Gas station with a flux capacitor
“A friend, a good friend” – sang Willy Fritsch, Oskar Karlweis and Heinz Rühmann in 1930. They had sold their car and bought a gas station instead. Could that be a sign for future mobility too?
From today’s perspective, the cars that drove to the gas station back then seem antiquated. But one thing that hasn’t changed with the times is their thirst for fresh gasoline/diesel. The gas station attendant who greets the incoming car with a smile, cleans the windscreen, checks the oil …. okay, lets forget the last sentence. It seems we haven’t missed the major upheaval to the fueling process over the last 90 years.
The digital gas station
But let’s continue our journey in time for 10 or 20 years into the future, when “future mobility” becomes the present. Demand for hydrocarbons has fallen (simply because there aren’t that many left). An self-driving electric car with artificial intelligence drives up to the gas station. What changes will the new cars trigger and the way in which we use mobility mean for the immobile elements of the ecosystem?
Aral and the German Aerospace Center (DLR) have outlined such a future. And looking at the number of times this study has been published, this vision seems to have hit a nerve. I must admit that I too like to delve into this gas station utopia.
Prognosis 1: Flexible individual transport
Mobility on demand seems to be the motto of this Vision 2040. In this scenario, gas stations turn into logistical hubs for individual mobility. Batteries for scooters can be exchanged or a self-driving car is returned or collected from a pool. The fleet of the mobility providers are cleaned and serviced. And it doesn’t have to be only ground-based vehicles: air taxis extend the options for individual transport.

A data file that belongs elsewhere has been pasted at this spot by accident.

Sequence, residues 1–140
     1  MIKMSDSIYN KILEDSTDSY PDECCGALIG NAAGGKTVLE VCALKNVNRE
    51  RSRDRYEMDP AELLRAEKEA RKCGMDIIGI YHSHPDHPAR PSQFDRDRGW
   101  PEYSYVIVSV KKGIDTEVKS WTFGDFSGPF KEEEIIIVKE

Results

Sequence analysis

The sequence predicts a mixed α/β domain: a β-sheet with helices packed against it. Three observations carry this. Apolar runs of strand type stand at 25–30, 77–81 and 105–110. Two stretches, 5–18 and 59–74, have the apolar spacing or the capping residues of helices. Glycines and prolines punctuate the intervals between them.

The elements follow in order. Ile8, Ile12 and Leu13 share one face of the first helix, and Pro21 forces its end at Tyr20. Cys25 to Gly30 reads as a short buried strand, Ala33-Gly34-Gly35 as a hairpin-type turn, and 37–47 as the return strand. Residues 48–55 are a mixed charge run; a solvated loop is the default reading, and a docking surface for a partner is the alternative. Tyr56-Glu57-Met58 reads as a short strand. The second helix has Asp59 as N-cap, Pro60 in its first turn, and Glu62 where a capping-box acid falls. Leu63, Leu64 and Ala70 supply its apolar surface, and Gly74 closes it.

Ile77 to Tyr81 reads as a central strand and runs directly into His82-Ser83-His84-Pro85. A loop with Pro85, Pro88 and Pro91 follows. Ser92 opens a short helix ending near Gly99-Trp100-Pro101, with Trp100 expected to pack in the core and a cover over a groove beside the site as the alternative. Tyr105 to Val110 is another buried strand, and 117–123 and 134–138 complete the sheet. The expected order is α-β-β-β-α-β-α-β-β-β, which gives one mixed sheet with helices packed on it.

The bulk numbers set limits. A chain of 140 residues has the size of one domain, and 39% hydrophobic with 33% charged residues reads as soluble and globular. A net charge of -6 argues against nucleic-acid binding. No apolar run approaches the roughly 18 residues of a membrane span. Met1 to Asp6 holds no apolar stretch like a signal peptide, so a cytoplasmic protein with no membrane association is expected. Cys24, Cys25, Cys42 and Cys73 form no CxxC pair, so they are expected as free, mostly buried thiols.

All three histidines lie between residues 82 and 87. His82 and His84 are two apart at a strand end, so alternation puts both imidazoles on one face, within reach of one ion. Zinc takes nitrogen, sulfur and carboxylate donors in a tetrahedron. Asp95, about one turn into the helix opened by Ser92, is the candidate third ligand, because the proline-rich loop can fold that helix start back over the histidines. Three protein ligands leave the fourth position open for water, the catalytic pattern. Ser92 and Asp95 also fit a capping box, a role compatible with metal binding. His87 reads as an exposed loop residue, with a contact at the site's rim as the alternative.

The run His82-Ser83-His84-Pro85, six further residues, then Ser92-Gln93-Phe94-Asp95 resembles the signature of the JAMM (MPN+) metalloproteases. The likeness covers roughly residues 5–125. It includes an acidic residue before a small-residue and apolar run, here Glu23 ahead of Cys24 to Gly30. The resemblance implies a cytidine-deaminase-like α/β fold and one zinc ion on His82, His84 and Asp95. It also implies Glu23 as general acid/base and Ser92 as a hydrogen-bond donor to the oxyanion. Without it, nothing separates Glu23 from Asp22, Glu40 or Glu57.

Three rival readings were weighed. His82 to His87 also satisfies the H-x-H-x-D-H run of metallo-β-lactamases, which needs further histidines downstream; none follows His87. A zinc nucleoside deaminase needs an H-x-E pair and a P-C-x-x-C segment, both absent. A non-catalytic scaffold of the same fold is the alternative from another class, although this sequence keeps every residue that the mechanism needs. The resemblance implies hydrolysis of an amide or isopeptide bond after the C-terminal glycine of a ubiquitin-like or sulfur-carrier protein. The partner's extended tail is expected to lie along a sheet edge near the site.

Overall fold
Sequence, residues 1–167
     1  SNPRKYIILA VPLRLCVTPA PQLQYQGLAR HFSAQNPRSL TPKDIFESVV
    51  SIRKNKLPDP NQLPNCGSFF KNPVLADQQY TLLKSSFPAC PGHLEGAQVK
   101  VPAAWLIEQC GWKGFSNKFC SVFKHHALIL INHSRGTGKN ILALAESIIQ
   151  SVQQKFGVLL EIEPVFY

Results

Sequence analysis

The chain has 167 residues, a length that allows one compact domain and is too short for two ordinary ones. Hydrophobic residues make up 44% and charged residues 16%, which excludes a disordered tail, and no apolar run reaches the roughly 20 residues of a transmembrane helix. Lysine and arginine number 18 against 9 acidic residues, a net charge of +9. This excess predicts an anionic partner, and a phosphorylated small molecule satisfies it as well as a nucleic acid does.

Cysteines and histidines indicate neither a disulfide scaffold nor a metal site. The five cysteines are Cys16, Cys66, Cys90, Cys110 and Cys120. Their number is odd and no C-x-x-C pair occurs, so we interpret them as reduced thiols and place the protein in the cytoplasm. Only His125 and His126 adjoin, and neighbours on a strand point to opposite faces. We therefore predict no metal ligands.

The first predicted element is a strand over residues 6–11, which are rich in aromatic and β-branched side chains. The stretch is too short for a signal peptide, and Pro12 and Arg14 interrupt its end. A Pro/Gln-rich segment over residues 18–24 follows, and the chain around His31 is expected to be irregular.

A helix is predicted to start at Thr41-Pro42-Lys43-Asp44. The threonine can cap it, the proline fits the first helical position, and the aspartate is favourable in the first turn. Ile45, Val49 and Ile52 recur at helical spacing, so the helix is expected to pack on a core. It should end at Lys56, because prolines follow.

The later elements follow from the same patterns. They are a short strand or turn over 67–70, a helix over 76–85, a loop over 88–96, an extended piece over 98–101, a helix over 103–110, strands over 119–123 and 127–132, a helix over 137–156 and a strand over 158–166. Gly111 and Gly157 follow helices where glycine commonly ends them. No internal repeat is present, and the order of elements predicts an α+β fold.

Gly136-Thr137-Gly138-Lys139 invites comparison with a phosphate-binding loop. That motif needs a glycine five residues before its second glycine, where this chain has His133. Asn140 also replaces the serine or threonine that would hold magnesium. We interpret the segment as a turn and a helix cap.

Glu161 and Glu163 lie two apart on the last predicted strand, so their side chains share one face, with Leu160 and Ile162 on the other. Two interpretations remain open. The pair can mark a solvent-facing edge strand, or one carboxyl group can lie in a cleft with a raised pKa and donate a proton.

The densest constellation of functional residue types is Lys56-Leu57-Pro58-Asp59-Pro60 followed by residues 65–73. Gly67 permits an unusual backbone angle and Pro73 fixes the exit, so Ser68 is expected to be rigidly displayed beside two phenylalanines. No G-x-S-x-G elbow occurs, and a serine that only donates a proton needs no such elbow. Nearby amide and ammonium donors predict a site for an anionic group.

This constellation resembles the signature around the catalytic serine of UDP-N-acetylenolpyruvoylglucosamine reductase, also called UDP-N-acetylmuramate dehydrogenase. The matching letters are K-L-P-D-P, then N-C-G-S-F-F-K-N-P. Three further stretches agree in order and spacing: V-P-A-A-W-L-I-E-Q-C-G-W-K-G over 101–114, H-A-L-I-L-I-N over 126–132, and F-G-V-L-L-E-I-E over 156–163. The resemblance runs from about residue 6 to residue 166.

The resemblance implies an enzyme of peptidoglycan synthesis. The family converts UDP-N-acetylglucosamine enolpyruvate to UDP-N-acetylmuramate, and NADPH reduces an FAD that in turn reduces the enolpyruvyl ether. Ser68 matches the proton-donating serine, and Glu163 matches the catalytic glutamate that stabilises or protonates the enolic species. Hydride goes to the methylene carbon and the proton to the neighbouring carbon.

Prognosis 2: Electric replaces the combustion engine
The study forecasts that there will still be relatively few electric cars (1.3 million) in 2040, instead hybrids will be the dominate factor on the roads. With the corresponding consequences for gas or charging stations, which will be operated by charging/refueling robots. Long live process efficiency.
Prognosis 3: Services on top
The add-on services are already visible today. Whether someone comes to exchange batteries or change to another mode of transport, they can pick up a quick cappuccino, collect a parcel, or make some purchases.
Gas stations as logistical hot-spots
In a world where traditional ecosystems and industry boundaries are dissolving as a result of digitalization, the decentralized positioning of gas station chains is becoming one of their key strengths. As a hub for logistics, they turn into small malls where consumers, travelers and commuters can get various things done.
2040 is still a long way away. So it’s allowed to dream a little. Nonetheless, it seems to me that the vision of the future gas station isn’t entirely based on thin air. The paths of development that we’re seeing today are being consistently further developed. Self-driving and electric cars in as-you-use concepts will not only change mobility but also our cities and our society. Why shouldn’t gas stations – at least in cities – not become hot-spots?
The autonomous gas station – more dystopia than utopia
One last thing: if the processes at these logistical hot-spots were to become more efficient, it might be feasible to assume an autonomous gas station. Fully automated – without humans. Interestingly enough, for most people using gas stations today, this still seems like a dystopia reminiscent of end time scenarios. Gas stations at night without other people … I’m sure ‘The Hitcher, the Highway Killer’ is more likely to come to mind than ‘The Three from the Filling Station’. So, on a final note, it might be better if you watched this.